Mini is exploring additional models to join the just-unveiled new Cooper and Countryman and the upcoming Aceman, including the potential for a seven-seater and a reborn modern Moke or equivalent utilitarian model.
Speaking to the Australian media at the launch of the new all-electric Mini Cooper and Mini Countryman today, the global boss of Mini, Stefanie Wurst, said the brand is exploring lots of possibilities for future models.
“I think there are more body types available,” Wurst said.
“I think the Mini brand is really strong, we can only imagine what other concepts we can launch under Mini because the brand is about urban mobility, smart, fun and we are always open to new concepts.”
Speaking of other potential models that may eventually go into production, Wurst brought up the Urbanaut concept, which Mini launched in November 2020.
“The Urbanute was a great concept… it wasn’t very specific on the seating capacity but the concept had a lounge with two benches across with each other, so you can imagine a bigger seating capacity as well,” she said.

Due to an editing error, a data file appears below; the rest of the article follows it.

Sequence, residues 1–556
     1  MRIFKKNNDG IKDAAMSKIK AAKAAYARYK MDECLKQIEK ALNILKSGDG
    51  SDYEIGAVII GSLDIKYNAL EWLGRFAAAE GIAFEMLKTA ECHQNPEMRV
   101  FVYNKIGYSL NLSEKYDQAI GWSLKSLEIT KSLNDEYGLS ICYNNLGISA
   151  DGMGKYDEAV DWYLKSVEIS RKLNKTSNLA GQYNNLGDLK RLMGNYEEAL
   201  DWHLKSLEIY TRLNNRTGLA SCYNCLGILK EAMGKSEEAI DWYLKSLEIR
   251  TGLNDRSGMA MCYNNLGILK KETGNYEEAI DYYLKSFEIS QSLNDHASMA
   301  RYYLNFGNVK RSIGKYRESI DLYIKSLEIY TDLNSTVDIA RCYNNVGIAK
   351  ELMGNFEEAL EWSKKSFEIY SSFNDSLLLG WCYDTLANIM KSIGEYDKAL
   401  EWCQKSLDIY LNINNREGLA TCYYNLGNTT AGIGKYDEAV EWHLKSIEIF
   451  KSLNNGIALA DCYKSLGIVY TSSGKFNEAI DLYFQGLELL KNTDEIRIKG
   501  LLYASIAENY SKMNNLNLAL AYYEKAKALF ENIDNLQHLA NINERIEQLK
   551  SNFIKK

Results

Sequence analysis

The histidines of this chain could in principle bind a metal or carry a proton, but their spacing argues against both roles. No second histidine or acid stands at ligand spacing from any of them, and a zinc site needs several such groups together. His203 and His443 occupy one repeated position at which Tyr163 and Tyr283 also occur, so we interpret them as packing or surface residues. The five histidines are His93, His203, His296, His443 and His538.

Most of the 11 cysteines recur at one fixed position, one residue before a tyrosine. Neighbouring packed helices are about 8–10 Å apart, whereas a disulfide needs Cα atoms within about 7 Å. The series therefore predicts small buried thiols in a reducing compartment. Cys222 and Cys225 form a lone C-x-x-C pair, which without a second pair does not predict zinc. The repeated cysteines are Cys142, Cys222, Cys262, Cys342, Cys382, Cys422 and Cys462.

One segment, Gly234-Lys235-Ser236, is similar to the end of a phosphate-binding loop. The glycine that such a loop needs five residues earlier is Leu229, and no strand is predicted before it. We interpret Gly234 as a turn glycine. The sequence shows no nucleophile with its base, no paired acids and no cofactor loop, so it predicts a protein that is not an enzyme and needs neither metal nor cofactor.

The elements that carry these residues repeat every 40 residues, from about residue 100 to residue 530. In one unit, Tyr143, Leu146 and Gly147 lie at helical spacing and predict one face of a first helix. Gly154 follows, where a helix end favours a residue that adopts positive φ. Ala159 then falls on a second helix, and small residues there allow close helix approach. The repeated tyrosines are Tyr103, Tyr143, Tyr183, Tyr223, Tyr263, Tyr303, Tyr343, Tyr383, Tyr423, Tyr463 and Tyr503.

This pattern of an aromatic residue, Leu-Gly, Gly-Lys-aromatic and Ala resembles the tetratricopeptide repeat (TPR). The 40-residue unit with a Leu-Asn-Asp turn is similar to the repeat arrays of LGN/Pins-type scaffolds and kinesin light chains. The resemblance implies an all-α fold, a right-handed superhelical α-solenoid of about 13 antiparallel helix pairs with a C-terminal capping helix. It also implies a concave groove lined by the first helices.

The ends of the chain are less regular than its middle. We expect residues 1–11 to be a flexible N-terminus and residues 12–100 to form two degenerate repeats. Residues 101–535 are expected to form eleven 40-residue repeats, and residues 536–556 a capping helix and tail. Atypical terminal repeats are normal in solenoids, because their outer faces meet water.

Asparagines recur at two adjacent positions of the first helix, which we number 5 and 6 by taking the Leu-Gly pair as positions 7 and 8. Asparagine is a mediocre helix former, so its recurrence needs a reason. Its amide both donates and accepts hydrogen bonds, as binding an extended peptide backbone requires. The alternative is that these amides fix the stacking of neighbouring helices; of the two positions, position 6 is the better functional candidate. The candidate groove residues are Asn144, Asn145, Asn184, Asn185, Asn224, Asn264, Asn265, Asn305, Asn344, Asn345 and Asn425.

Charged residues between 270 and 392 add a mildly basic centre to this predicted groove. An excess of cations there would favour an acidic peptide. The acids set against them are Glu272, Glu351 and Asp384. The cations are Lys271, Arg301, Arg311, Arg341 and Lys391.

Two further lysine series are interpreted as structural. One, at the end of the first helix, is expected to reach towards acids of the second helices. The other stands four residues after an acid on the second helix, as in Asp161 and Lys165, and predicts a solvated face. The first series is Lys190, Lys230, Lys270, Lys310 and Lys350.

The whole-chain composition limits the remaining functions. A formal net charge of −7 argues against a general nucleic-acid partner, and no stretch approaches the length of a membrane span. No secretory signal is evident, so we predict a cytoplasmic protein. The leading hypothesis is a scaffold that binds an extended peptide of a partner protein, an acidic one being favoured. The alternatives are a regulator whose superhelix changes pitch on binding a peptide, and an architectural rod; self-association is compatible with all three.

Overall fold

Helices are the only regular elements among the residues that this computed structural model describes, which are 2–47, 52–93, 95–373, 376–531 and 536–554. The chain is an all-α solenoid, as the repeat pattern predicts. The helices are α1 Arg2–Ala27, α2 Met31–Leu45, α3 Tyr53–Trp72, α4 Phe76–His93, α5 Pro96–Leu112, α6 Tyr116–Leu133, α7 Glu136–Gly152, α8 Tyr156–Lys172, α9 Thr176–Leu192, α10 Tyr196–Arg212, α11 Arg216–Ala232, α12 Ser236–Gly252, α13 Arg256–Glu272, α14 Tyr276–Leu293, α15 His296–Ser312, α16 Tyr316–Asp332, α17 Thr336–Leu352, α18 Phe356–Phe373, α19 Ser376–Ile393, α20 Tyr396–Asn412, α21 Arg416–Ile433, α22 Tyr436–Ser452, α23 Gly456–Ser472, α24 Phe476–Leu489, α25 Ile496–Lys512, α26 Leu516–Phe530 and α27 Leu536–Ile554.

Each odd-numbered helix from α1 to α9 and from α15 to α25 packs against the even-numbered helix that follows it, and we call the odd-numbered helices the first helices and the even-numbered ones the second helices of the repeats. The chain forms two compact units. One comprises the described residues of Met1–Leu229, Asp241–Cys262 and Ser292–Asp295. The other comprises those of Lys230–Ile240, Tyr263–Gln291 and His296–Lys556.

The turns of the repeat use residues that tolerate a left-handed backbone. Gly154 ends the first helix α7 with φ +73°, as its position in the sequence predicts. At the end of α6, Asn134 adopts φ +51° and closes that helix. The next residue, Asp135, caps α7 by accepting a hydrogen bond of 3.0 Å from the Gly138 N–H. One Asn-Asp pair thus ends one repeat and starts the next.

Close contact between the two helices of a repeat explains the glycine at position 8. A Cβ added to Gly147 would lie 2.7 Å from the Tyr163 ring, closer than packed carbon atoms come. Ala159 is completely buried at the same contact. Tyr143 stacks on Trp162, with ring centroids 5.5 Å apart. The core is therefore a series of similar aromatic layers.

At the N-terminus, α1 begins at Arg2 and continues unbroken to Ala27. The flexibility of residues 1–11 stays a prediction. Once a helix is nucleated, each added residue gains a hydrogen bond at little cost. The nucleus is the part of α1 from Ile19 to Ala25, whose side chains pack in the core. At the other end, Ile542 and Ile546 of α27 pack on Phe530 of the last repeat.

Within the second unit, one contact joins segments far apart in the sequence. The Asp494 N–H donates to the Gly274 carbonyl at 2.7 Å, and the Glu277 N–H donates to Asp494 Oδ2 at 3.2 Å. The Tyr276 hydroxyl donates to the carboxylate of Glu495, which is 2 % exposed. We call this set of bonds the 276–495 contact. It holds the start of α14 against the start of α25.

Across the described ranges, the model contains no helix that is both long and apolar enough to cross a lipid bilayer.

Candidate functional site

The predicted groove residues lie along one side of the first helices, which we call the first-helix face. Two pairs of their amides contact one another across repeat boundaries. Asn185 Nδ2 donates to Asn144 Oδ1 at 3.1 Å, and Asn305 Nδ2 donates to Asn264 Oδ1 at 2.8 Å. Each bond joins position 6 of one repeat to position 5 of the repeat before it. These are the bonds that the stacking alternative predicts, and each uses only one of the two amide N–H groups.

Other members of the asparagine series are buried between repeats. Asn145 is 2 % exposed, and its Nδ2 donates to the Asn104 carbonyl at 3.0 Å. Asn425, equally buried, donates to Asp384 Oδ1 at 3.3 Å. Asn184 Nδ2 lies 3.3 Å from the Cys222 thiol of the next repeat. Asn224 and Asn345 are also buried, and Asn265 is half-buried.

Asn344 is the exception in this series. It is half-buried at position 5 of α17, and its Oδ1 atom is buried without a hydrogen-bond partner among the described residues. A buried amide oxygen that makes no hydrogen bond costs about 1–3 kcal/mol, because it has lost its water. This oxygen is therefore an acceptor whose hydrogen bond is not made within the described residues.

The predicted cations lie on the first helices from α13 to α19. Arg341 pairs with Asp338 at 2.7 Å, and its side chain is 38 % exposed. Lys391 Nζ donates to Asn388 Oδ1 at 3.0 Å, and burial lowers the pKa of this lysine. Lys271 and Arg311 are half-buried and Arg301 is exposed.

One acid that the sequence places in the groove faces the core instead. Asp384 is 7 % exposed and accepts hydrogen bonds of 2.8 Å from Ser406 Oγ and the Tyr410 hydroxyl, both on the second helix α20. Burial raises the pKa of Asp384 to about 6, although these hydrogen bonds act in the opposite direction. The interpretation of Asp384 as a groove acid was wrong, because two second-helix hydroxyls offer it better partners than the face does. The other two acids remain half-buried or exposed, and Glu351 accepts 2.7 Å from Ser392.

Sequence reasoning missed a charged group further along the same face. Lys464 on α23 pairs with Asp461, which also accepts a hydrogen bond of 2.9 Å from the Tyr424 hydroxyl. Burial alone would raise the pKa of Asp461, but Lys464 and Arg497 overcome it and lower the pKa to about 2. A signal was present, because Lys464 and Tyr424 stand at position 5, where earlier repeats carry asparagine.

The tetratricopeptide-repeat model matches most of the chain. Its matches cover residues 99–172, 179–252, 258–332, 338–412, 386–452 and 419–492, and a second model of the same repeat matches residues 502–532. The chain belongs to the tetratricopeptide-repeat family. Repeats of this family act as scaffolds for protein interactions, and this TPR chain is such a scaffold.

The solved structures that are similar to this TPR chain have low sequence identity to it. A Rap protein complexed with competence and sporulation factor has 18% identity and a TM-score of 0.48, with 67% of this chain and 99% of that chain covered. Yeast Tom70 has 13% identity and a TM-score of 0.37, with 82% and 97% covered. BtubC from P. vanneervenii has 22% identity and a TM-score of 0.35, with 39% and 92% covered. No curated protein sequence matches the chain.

While it may not be a model currently under active development, Wurst said these are the sort of vehicles possible under the Mini brand as it seeks to differentiate its offering from BMW for any future product in order to alleviate any potential cannibalisation.
As for a new Moke or a utilitarian-style vehicle, Wurst admitted that such concepts are definitely under review and consideration given the Clubman model will be dropped.
“I think [a utilitarian vehicle] would fit the Mini brand very well, also possible if you think of it as a variation of a Countryman it would be a great concept… in China, when they were locked down in COVID they used these rugged vehicles and went camping in the desert, and rugged is very relevant in a lot of areas in the U.S., and also in China,” she said.
“Without Clubman, the goal is to work with the Countryman as much as we can in the future as we will only have one so we have to make use of this car as much as we can.”
All future models that are under consideration will no doubt fall under the brand’s future vision of pure electric as Mini seeks to ditch the internal combustion engine by 2030.